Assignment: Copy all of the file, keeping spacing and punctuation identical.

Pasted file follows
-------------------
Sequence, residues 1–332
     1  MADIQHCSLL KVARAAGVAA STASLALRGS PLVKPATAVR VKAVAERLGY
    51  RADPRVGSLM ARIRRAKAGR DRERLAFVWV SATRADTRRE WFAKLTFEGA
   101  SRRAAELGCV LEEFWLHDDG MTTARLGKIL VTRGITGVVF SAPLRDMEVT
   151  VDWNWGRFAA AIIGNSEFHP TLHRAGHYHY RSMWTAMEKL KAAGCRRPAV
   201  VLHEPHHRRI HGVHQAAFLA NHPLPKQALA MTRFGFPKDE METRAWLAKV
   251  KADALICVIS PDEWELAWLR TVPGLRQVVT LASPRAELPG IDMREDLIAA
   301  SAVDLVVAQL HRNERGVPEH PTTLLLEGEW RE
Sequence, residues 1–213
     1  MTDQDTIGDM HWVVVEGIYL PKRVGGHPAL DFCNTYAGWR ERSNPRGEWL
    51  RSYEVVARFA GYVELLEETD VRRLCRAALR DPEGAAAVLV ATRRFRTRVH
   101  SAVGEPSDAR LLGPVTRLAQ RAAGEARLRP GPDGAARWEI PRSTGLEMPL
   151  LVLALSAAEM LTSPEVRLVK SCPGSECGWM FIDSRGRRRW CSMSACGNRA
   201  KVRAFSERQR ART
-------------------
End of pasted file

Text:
Sequence, residues 1–332
     1  MADIQHCSLL KVARAAGVAA STASLALRGS PLVKPATAVR VKAVAERLGY
    51  RADPRVGSLM ARIRRAKAGR DRERLAFVWV SATRADTRRE WFAKLTFEGA
   101  SRRAAELGCV LEEFWLHDDG MTTARLGKIL VTRGITGVVF SAPLRDMEVT
   151  VDWNWGRFAA AIIGNSEFHP TLHRAGHYHY RSMWTAMEKL KAAGCRRPAV
   201  VLHEPHHRRI HGVHQAAFLA NHPLPKQALA MTRFGFPKDE METRAWLAKV
   251  KADALICVIS PDEWELAWLR TVPGLRQVVT LASPRAELPG IDMREDLIAA
   301  SAVDLVVAQL HRNERGVPEH PTTLLLEGEW RE
Sequence, residues 1–213
     1  MTDQDTIGDM HWVVVEGIYL PKRVGGHPAL DFCNTYAGWR ERSNPRGEWL
    51  RSYEVVARFA GYVELLEETD VRRLCRAALR DPEGAAAVLV ATRRFRTRVH
   101  SAVGEPSDAR LLGPVTRLAQ RAAGEARLRP GPDGAARWEI PRSTGLEMPL
   151  LVLALSAAEM LTSPEVRLVK SCPGSECGWM FIDSRGRRRW CSMSACGNRA
   201  KVRAFSERQR ART